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  • Jamie McCarthy

White Guilt is Useless - Action and Change Are What's Needed.

15th June 2020.


I was brought up an Irish Catholic, so I know quite a lot about guilt. I know how destructive it can be and I also know it can be a good way of actually avoiding any kind of change. One of the things about guilt is that it can very easily become all about ‘me, me, me’ and not about righting the wrong that has been done or making positive change for the person who has been wronged. I think guilt is really different from increasing your awareness about what you’ve done or been part of that isn’t good and acting differently in the future.

So, I’m white and I’m addressing this to other white people. Let’s make sure, that whilst we look at the ways in which we have been and are implicated in a system that does harm to black people, we don’t fall down a guilt trap. It’s not about us! Whilst self-flagellation can be enjoyable for those with a BDSM turn of mind, let’s not mistake it for actually supporting change.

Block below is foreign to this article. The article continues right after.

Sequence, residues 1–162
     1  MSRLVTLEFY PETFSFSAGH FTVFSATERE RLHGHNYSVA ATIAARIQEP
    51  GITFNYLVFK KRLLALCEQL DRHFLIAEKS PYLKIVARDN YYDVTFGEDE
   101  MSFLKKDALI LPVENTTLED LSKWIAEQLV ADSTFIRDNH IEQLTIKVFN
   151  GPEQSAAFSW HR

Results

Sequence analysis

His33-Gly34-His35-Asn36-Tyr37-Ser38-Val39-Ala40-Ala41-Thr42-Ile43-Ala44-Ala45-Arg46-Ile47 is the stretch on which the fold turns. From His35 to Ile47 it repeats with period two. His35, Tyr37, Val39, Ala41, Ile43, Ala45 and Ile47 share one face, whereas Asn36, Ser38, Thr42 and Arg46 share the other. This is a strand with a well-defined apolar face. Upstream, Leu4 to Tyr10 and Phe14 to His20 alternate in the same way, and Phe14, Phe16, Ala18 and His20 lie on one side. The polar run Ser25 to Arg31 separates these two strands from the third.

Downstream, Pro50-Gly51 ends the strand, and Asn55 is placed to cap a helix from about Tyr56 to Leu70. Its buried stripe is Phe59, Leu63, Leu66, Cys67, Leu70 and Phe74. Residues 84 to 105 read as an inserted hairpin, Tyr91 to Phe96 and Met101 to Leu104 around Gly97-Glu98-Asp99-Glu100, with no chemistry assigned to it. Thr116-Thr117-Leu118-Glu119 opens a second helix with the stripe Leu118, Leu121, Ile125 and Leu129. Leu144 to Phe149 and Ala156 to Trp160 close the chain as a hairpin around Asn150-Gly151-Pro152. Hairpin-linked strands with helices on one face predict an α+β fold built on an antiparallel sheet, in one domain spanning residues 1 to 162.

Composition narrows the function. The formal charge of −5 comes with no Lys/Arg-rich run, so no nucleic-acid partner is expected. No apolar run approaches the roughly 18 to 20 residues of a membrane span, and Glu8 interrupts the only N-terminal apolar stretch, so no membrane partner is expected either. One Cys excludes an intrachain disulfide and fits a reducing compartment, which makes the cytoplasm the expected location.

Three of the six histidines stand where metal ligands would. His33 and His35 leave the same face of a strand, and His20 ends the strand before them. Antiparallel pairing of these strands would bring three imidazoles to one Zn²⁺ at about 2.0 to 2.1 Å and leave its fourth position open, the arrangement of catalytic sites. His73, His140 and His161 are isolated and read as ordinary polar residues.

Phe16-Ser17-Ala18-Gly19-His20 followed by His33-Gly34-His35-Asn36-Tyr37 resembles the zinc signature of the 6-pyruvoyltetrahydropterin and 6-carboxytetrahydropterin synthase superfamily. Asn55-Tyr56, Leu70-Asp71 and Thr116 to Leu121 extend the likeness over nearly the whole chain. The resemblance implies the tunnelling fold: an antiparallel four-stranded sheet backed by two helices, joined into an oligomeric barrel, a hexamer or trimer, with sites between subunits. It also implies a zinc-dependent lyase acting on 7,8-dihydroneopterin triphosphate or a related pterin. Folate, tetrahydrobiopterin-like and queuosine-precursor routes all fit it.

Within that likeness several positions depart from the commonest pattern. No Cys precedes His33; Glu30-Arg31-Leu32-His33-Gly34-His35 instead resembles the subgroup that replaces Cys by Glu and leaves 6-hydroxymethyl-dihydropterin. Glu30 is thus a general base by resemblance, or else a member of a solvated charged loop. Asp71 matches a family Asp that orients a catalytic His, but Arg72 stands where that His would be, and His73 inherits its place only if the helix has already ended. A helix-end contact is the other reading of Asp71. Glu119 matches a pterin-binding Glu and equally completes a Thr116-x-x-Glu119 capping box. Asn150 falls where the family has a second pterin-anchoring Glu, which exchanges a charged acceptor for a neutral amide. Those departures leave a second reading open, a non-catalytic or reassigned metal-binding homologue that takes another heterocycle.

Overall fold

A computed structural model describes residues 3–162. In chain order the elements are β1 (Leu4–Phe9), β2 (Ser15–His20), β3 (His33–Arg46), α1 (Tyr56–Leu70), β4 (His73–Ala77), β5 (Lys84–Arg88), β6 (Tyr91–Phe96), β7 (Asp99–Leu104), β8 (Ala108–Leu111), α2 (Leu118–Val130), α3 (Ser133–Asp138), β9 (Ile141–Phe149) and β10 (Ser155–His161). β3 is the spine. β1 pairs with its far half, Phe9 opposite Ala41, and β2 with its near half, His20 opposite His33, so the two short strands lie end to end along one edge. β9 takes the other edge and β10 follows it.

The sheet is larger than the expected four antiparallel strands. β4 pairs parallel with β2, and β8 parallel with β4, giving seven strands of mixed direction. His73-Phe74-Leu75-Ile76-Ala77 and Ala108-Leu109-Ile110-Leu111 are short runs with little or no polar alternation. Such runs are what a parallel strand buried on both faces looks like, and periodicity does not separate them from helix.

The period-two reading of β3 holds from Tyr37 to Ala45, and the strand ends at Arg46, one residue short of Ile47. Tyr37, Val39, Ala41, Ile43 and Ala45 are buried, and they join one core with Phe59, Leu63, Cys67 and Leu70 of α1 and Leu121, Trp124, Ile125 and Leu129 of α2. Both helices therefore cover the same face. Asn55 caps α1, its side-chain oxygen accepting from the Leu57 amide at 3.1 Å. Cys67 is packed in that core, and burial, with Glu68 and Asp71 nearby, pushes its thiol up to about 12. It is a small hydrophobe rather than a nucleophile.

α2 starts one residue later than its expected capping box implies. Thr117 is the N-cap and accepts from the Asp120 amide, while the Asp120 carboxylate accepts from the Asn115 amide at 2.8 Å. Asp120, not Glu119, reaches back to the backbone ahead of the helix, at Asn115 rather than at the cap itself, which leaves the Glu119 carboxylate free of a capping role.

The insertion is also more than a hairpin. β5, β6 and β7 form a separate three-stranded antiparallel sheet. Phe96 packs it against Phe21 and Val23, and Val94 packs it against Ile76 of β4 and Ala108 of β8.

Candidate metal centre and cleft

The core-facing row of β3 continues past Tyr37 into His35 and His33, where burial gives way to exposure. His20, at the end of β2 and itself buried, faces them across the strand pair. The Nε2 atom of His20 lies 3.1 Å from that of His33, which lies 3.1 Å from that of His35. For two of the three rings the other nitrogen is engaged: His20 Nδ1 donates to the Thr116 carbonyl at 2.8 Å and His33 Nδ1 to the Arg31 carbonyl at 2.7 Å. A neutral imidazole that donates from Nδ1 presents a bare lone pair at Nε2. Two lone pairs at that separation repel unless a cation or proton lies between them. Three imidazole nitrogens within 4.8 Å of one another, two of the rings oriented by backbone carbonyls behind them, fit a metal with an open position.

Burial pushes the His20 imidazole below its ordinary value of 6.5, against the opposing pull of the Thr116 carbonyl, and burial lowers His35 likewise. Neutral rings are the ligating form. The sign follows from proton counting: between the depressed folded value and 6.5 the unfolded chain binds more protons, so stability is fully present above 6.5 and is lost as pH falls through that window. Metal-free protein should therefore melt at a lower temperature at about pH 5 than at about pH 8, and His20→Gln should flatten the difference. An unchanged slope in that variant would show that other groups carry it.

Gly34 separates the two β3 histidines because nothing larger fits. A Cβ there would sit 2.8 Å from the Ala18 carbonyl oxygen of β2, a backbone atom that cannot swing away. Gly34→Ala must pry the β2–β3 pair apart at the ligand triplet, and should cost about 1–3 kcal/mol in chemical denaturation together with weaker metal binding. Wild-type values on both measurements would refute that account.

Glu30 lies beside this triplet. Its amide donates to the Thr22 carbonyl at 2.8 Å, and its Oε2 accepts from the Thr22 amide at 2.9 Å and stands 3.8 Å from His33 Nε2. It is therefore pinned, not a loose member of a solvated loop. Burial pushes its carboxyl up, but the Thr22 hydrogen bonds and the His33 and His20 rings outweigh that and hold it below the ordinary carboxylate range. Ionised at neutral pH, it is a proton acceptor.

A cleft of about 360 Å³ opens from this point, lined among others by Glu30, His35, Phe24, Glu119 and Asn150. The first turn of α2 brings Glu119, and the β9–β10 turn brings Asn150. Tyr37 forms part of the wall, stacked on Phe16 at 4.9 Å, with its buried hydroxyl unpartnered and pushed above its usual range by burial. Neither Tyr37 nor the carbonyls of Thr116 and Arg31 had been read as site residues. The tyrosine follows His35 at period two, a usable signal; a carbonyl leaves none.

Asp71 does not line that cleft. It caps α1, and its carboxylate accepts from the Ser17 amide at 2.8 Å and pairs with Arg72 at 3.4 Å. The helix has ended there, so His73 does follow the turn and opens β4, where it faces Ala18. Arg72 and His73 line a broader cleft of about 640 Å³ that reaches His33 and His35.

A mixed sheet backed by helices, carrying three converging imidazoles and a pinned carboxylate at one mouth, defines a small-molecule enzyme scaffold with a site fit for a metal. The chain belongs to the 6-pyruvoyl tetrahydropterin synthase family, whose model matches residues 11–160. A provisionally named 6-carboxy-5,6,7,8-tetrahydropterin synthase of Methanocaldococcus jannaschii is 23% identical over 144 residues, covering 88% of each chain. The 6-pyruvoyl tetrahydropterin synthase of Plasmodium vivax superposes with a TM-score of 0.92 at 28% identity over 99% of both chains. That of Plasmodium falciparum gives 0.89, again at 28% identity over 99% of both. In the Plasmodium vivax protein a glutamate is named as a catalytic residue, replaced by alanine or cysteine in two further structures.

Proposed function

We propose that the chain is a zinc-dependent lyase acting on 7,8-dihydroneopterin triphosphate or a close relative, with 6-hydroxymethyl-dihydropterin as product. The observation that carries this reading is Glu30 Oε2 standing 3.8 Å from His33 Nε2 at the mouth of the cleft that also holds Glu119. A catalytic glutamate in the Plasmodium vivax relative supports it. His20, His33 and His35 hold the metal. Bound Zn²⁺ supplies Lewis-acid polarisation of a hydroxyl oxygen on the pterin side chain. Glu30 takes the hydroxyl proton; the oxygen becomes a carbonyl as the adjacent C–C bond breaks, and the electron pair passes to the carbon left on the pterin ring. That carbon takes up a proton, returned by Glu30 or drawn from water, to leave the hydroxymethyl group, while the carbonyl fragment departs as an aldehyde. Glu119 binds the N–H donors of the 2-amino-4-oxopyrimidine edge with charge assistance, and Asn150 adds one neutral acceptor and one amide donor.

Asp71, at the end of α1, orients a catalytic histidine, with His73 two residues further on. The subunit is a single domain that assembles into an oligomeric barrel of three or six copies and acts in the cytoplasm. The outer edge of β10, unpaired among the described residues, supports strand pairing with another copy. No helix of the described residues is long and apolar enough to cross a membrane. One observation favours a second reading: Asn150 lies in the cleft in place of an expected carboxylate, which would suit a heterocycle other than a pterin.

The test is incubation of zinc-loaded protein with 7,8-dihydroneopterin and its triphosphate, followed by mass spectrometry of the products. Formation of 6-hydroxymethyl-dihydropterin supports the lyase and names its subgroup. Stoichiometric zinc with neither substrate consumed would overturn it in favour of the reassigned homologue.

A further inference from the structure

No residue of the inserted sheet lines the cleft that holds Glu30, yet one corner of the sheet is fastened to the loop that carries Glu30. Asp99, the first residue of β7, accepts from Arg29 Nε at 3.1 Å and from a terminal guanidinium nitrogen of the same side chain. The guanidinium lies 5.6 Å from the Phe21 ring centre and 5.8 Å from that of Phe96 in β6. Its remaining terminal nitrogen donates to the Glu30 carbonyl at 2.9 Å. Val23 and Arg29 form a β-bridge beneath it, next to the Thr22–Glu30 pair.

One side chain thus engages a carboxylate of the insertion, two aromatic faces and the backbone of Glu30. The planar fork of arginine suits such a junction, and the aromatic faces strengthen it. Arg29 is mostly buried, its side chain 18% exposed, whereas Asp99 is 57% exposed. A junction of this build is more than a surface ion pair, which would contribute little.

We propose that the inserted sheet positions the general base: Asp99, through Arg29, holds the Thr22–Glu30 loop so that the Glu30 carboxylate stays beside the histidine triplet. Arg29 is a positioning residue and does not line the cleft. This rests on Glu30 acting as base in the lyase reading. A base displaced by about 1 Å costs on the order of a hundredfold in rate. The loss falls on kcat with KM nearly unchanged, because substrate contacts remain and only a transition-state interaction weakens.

Guilt can also have a strong performance aspect to it: a loud profession of guilt can also be a great way of covering for the fact that you’re not really doing anything to change the behaviour that you’re professing guilt for.

This moment of intensity WILL pass, as I heard Angela Davis say the other day, this kind of intensity just can’t be sustained for very long. Let’s do our best for it not to have just been a time where we as white people gave ourselves a ‘good telling off’ and felt ‘appropriately’ guilty, cleansed by our profession of guilt and then went back to business as usual. Let’s not make it about us, but about small practical changes in our lives and working towards bigger systemic change. Let’s make it actually about the lives of Black people and not the performance of guilt for white people.

I think we can check with ourselves: is what I’m feeling and doing about me or is it about doing my best to make things more just for black people?

I think too, guilt is a way of focusing responsibility on the individual and although I believe we CAN work to bring about change on an individual level, I’m really wary of a sort of ‘privatisation’ of racism (and indeed other ‘isms’). We need to change systems of oppression, not ‘cleanse ourselves of our guilt’ and ‘individually purify ourselves of racism’. That doesn’t mean it’s not good to educate ourselves and make the changes we can in our lives and the worlds we’re in on a day-to-day basis, but just that it’s ultimately not about us and how we feel about ourselves.

No to guilt. Yes to change!

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